Middleton making the most of late-season audition in Pistons rotation
“In Summer League, look, there were a lot of questions,” Lawrence Frank said as the season headed to its final week with Middleton now in the rotation as Kyle Singler’s backup. “Part of it is him getting healthy with his knee. I think he has a lot more confidence in his legs. A lot of work he’s put into his game. He’s very studious. He knows that he has to continue to work and get stronger. He’s in the weight room. He watches film every day. At the end of practice, he’s working on his individual skills, one on one.”
When Joe Dumars huddles his inner circle at season’s end and plots a future that includes the opening that an estimated $25 million or more in cap space this summer provides, he’ll write the names of his last three No. 1 draft choices in ink: Greg Monroe, Brandon Knight and Andre Drummond. He’ll have Kyle Singler on that list, too, and now Rodney Stuckey and Jonas Jerebko have grown into the class of young veterans, both putting strong finishing kicks onto disappointing seasons.
If there’s a next name to be added, Middleton is making a strong case it should be his with his close to the season. In the last 20 games since becoming more or less a rotation staple in late February, Middleton has played 15 minutes of more 17 times, including a season high 33 in the April 7 win over Chicago. As his role has stabilized, Middleton’s calling card – his ability to score efficiently and in a variety of ways – has come to the fore.
“When you’re looking at all players,” Frank said, “the thing you have to say is, ‘What is his NBA skill?’ His NBA skill is, Khris is going to be able to score the ball.”
The question about what he can eventually become – the backup he is today or something more than that, perhaps – revolves around how he handles everything beyond scoring. The Pistons have been pleased with his progress in those areas, as well, and Middleton feels more confident today in his ability to hold his own defensively than he might have coming into the season.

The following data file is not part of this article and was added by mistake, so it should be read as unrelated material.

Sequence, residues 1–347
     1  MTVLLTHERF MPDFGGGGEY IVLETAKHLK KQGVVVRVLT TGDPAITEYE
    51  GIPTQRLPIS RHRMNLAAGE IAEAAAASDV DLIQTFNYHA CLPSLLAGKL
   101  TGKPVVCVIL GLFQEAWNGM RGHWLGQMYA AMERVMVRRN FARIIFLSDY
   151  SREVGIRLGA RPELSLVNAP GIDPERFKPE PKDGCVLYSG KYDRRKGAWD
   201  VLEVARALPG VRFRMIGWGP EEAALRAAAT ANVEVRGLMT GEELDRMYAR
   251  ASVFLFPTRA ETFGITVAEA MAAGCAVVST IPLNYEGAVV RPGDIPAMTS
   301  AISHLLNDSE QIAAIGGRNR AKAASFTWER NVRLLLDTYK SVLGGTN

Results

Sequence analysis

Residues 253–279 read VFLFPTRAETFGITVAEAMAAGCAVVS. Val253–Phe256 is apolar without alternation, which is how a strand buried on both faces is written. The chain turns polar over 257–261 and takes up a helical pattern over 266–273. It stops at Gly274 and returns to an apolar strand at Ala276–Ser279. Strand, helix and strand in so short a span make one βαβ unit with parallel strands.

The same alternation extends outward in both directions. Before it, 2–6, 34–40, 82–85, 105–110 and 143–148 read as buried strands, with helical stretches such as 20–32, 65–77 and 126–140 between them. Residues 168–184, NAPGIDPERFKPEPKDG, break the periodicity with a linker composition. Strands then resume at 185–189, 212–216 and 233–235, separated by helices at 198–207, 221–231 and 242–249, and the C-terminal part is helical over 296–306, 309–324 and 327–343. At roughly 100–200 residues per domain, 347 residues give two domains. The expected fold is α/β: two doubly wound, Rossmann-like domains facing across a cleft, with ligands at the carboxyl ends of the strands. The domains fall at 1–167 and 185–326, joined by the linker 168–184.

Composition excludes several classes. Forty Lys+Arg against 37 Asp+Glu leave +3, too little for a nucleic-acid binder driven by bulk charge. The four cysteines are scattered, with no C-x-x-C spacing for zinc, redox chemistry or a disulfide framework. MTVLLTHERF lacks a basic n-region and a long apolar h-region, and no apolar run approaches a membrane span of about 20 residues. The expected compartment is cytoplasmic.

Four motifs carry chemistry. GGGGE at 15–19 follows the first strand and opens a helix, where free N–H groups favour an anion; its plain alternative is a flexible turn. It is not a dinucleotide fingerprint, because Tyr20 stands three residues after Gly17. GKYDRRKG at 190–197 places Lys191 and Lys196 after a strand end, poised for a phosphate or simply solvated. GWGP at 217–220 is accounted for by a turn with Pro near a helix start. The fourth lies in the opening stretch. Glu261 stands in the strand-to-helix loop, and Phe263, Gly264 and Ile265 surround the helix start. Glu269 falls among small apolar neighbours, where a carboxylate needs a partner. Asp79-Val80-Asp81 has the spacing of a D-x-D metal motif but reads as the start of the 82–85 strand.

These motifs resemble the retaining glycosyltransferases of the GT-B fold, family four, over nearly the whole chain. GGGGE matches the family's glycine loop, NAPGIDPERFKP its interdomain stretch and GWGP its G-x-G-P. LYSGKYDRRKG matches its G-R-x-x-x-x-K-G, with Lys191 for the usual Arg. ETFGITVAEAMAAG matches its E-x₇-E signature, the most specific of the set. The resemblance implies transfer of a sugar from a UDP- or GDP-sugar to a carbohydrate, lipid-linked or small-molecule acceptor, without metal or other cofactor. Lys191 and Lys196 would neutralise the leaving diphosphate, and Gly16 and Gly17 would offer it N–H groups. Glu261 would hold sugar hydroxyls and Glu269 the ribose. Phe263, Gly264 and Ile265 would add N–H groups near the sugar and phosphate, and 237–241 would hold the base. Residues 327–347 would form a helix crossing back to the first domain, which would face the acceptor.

“I think I’ve taken a step,” he said. “I feel like I have to take more steps in certain areas, but I think during the summer I’ll be able to work on those things and be prepared for next season. I’ll be spending a lot of time in Auburn Hills with Arnie (Kander, strength coach) working on trying to get my body strong and where it needs to be.”
Frank cited the need to grow stronger, as well, especially as it applies to battling on pick-and-roll defense that increasingly is a staple of NBA attacks.
“He’s had some good individual defensive moments,” Frank said. “The key is dealing with screening action, both on and off the ball. He’s only 21. As he gets stronger, he’ll continue to be more effective with it. The challenge for him is to continue to get stronger so you can make those contact plays that are essential in this game. He’s a low-turnover guy. He’s a very effective player. I think he has a very good offensive feel and he’s got good size. He plays with poise. It’s really a credit to him and to (assistant coach) Steve Hetzel, the work that he put in.”
Middleton has relished the opportunity playing time has provided to both apply all the laboratory work he’s put in with Hetzel and to solidify his status as a part of the team’s core.
“Me not playing at the beginning of the season, now I’m playing so I just try to take advantage of my minutes I’m getting now. I’ve always felt I could play. I just wasn’t getting the opportunity. Now I’m getting the opportunity, I just want to take advantage of it and try to make the best of it.”
- Andre Drummond, who sprained his right ankle late in Friday’s win over Charlotte, will be a game-time decision, Frank said after Sunday’s practice. Jose Calderon, still nursing a triceps injury on his shooting arm, will miss Monday’s home finale against Philadelphia. Frank called it “unlikely” he would play in Wednesday’s finale at Brooklyn, but wouldn’t rule it out.